COLUMBUS, Ohio (AP) Ohio is recruiting churches for an anti-smoking campaign funded by the money the state received from a legal settlement with tobacco companies.
First Church of God in Columbus is the first Ohio congregation to receive a state anti-smoking grant. The church's Changing Environment & Attitudes for Smoking Elimination program is getting $150,000 each year for three years.
The money was awarded by the Ohio Tobacco Use Prevention and Control Foundation to educate high-risk populations in this case blacks about smoking dangers.
Other states have effectively used churches and other religious organizations to spread the message, said Ken Slenkovich, the foundation's director of programs.
''The main reason is because churches themselves and particularly pastors of those churches are highly trusted by the members,'' Slenkovich said. ''They're seen as a credible source of information.''
While the smoking rate among black Ohioans is lower than for whites, the incidence of smoking-related illnesses, such as lung cancer, is higher, according to the foundation.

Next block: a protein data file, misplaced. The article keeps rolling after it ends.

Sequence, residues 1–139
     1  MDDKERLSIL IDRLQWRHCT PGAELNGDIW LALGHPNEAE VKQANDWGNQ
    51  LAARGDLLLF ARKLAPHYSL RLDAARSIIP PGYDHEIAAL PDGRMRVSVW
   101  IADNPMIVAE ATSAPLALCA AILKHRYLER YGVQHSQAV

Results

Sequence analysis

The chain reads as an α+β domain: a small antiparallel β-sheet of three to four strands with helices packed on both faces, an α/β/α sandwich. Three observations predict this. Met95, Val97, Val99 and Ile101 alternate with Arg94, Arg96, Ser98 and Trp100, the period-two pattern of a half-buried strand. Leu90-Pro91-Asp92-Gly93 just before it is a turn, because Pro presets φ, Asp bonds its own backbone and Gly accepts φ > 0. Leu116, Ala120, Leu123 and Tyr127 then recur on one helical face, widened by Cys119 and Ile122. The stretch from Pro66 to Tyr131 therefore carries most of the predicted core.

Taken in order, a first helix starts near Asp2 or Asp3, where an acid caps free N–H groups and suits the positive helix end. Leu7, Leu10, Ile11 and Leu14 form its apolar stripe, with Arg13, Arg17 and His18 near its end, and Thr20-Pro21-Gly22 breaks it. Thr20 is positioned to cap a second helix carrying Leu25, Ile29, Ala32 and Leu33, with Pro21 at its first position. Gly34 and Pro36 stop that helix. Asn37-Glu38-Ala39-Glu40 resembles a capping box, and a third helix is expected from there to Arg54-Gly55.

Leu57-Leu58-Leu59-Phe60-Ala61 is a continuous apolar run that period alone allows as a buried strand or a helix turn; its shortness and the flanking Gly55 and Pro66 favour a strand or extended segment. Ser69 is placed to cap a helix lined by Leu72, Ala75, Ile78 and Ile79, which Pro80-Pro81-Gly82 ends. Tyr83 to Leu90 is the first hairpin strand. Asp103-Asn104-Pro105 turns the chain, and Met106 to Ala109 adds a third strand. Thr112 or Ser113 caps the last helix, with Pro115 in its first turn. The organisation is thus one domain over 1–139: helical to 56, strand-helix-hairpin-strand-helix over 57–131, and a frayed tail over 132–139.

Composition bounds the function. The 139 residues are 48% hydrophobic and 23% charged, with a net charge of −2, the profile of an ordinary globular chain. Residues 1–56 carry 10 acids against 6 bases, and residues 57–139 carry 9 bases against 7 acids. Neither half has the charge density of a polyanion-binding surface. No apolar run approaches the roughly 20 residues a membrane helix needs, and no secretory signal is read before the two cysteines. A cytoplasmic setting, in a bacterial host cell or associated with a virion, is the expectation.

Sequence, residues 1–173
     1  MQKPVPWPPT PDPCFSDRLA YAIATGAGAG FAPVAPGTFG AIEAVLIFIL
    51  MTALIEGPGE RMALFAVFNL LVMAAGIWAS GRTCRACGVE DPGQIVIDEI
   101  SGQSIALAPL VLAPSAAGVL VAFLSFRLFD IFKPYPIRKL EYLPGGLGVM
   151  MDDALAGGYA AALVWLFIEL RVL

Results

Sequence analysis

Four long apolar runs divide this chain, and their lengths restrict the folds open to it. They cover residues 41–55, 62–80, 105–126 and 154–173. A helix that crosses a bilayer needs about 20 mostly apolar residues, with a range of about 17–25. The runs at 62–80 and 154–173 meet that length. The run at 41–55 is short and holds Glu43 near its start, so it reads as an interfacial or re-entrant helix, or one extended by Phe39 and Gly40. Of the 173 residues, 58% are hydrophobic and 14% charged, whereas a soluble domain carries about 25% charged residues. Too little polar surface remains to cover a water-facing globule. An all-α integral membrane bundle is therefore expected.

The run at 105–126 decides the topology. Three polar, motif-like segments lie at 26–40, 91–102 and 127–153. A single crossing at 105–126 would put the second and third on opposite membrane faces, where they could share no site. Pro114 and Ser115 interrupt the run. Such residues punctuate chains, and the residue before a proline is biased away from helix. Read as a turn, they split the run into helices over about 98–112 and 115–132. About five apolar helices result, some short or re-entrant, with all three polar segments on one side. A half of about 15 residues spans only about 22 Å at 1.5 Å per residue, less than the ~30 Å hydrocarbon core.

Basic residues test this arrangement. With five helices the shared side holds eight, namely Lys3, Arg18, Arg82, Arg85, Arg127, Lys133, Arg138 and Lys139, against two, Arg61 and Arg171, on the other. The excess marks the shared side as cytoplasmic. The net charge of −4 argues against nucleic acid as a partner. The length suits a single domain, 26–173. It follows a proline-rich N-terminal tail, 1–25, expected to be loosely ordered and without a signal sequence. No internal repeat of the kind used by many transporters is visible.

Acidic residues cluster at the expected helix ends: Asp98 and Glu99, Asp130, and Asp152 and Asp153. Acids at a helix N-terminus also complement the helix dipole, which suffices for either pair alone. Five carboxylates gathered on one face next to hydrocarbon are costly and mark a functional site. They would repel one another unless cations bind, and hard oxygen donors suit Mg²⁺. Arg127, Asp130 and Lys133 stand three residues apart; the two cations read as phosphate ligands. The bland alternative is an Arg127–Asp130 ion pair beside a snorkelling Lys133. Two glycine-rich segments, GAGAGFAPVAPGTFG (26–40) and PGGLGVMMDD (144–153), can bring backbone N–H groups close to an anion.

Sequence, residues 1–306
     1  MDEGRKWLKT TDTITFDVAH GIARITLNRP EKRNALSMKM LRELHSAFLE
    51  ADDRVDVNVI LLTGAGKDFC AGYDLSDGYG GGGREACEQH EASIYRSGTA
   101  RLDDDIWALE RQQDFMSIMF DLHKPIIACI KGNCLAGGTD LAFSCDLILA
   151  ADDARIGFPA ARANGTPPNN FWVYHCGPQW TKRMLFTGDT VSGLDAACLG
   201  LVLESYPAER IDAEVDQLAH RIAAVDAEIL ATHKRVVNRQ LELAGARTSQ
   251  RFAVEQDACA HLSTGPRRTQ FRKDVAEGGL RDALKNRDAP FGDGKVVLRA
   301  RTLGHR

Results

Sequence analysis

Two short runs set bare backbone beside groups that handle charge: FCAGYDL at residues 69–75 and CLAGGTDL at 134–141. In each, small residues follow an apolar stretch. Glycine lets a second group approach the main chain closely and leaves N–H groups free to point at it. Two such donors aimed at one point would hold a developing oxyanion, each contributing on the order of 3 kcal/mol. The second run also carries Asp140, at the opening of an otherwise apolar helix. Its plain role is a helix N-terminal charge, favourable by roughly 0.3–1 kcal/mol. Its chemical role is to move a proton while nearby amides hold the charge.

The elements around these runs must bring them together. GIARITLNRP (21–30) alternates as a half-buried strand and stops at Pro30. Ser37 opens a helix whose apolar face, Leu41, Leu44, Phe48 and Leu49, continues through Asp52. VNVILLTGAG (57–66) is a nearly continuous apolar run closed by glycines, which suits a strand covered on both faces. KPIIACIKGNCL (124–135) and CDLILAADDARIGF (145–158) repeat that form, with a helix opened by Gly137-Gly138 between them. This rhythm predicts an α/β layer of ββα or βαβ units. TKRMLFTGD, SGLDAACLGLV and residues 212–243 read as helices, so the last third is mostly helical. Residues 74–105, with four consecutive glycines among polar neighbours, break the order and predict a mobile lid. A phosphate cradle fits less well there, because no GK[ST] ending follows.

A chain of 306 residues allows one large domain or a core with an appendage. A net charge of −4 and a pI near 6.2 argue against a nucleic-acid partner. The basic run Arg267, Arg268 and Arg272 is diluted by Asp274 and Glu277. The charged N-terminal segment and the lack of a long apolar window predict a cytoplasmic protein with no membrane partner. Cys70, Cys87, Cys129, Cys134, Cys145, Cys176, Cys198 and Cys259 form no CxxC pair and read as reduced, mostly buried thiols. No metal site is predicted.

And smoking-related illnesses are the top cause of death among blacks nationally, according to the U.S. Centers for Disease Control.
Mount Carmel Health, the American Lung Association and Project Linden, which provides drug- and alcohol-treatment and runs prevention programs, are advising the church.
The program, which kicks off July 1, will educate participants about how to stop smoking, the danger of second-hand smoke and supporting relatives who want to quit.
As project leader, First Church of God hopes to recruit 40 churches in the next three years to join the effort.
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